This is a big question with many moving parts and hundreds of things to get right that come from experience and art, not just black and white answers. However, there are many things that can be easily agreed on that will go a long way to getting you there. First lets talk about the stages, because it is clear that there are very different skill sets and modes of operation at different stages of the company's development. Lets call these stages Raw Startup, Early Revenue and Established. Raw Startup is the idea development stage, working out of the home or "garage" without a significant burn rate. Generally you are spending most of your time developing your plans, researching the market and customers and defining the product. You may also develop the actual product, or need to raise funding to accomplish this. Early Revenue is when you have a product or service to sell. It might even not be the "real" product, or may be a service that gets cash flow going and builds the team and customer relationship that meet milestones to the real product. Established is a company that has customers and a revenue stream, maybe not any profit, but it is getting real close to REALLY understanding the market. You can only really understand the market by being in the market and having constant customer feedback on a real product. Until that happens everything is theory and what people say they will do.
I recently heard that a company interviewed people going into a store about what they were planning on buying there, and then checked what they actually bought on the way out. In FACT people did NOT buy what they said they would 70% of the time. A cold hard reality, and why investors want to see real customers that are paying cash, not just saying nice things about your company.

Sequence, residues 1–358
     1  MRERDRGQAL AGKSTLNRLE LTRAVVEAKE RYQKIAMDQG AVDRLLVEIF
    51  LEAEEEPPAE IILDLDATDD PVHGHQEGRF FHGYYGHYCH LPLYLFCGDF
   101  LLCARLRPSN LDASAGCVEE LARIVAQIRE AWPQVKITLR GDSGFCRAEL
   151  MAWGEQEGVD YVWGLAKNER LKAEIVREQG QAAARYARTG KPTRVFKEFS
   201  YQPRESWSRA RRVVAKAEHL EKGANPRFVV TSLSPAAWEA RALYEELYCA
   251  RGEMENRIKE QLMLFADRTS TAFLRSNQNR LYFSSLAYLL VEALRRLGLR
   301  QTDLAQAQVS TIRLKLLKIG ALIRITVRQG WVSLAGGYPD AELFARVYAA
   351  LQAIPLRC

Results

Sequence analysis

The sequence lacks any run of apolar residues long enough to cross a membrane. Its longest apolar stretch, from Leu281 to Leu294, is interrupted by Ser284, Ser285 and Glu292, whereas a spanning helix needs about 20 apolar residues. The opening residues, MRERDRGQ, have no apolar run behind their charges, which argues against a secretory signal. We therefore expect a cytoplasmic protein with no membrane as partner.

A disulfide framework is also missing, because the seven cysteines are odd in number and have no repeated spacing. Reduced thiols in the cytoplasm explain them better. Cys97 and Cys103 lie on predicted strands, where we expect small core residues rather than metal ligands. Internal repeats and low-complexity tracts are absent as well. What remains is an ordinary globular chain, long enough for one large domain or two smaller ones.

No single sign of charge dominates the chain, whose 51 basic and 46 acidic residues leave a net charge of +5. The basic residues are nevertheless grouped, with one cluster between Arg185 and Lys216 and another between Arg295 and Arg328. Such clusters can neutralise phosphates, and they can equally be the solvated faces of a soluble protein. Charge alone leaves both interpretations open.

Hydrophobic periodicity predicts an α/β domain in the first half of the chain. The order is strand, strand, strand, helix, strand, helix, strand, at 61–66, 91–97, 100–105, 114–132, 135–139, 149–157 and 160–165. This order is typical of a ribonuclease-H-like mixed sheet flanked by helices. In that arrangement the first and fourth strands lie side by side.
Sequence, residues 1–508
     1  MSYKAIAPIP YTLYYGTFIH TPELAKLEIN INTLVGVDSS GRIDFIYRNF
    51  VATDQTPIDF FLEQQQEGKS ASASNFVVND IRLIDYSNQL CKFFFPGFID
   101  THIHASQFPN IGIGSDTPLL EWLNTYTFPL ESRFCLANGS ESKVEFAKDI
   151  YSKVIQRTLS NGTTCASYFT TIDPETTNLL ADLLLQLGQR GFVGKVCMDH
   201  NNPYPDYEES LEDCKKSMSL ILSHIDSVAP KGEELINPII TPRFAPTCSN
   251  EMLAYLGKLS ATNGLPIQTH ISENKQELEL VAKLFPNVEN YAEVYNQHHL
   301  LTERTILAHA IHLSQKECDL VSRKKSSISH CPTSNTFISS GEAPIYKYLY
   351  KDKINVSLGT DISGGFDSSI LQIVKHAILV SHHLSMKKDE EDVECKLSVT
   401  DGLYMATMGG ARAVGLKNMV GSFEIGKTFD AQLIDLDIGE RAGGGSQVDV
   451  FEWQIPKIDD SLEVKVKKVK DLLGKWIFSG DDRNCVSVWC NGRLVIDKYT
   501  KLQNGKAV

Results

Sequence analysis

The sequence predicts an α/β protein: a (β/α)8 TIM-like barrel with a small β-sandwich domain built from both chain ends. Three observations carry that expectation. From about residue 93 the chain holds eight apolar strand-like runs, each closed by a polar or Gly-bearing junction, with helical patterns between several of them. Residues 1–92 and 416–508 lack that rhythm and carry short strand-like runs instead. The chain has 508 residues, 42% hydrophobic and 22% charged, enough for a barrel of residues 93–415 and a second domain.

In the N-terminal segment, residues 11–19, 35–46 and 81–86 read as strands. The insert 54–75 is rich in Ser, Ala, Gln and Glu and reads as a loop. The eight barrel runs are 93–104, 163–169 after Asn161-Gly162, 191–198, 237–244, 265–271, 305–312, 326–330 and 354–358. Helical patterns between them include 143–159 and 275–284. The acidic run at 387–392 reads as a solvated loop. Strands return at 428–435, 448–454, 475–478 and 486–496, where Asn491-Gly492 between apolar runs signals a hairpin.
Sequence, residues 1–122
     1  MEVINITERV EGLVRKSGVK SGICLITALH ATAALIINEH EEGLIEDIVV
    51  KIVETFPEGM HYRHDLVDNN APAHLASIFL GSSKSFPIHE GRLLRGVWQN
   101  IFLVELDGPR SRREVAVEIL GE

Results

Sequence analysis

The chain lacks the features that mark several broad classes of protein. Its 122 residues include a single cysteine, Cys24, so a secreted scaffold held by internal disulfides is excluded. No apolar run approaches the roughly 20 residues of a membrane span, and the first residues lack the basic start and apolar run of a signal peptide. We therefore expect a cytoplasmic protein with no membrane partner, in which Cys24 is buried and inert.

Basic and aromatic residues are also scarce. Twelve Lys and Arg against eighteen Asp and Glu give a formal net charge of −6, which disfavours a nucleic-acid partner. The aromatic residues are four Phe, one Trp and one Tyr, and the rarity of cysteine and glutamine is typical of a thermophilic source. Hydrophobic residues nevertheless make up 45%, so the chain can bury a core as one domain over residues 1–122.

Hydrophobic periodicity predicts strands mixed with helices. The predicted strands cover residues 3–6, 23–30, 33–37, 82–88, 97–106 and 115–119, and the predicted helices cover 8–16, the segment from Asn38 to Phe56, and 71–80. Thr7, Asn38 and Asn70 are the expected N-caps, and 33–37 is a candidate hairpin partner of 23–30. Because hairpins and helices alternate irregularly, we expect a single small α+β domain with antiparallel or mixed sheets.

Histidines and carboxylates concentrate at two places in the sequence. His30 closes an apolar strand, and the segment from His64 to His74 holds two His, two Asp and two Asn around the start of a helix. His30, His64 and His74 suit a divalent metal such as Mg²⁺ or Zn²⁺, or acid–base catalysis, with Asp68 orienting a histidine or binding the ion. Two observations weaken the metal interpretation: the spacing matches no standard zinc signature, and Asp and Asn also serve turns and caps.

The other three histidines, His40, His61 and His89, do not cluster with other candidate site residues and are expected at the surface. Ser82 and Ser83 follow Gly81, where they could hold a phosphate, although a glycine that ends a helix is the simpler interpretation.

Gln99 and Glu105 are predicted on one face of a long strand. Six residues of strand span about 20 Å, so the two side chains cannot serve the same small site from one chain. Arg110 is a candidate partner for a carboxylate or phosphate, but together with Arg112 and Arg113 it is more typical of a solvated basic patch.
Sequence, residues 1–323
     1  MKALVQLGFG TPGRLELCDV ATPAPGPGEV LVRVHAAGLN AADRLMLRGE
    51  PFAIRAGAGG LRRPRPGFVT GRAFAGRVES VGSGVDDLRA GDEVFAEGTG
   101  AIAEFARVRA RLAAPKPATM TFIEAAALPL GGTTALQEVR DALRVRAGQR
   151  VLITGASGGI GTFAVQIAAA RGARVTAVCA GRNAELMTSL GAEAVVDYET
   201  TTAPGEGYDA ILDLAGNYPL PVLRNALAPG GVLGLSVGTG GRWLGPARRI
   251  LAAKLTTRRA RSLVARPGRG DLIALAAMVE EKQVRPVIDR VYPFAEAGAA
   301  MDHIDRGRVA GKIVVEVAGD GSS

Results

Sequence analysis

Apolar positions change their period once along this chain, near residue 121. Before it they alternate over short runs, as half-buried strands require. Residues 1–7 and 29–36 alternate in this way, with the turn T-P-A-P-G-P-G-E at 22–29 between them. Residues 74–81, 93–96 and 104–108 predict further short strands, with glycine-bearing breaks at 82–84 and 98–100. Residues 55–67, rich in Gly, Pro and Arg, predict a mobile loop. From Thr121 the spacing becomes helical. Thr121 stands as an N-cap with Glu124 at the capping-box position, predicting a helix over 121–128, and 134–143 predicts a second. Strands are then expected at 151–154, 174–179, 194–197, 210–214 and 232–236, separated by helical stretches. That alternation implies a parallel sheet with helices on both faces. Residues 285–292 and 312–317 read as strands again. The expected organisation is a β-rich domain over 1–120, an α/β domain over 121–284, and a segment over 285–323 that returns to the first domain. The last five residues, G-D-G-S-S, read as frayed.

First off let's start with the initial steps of a Raw Startup. All of these steps are while you are working out of your home and pulling the business plan together. You are avoiding expenses like the plague and trying to get up to speed on your business, product and market. This is something the entrepreneur must understand fully themselves, and can not hire people to understand for them.
Step #1 - Idea - This is actually the easy part. Due to the constant march of technology new opportunities are always emerging. You must have an idea that will solve a painful problem and do it at an order of magnitude cheaper, or better, than anything else out there. This is the "Better, faster, cheaper" approach and in technology products is generally the way to go. Alternatively a paradigm shift product is much more expensive to launch, as change takes more time and money. So you need to leap frog the competition by a wide margin, but in an evolutionary way, not a revolutionary way, which will require lots of capital probably. The margin must be so wide that companies have no choice but to listen to you, and try your product or service. Sounds hard, and it is, but if you can't say this about your product, then it will be a difficult and slow process to get anyone to take the risk of working with a new company. They will simply wait for the next generation from their current vendors who will be happy to tell them it is coming soon.
Step #2 - Team - Begin to develop your team with the correct skill sets that hammers all the major risks, and there are many, with the right domain experience, the right level experience at other companies (solution ideas, lead, manage, or do) AND working in the right stage company.
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Other Articles On Executive Management and Organizational Development (printable PDF Files):
The 11 Required Elements of a Successful Vision - What is a "Vision" and How to Develop and Use It - (1.3 Meg. PDF File)
Modes of Management - Shifting Management Gears As Your Company's Stage of Development Evolves
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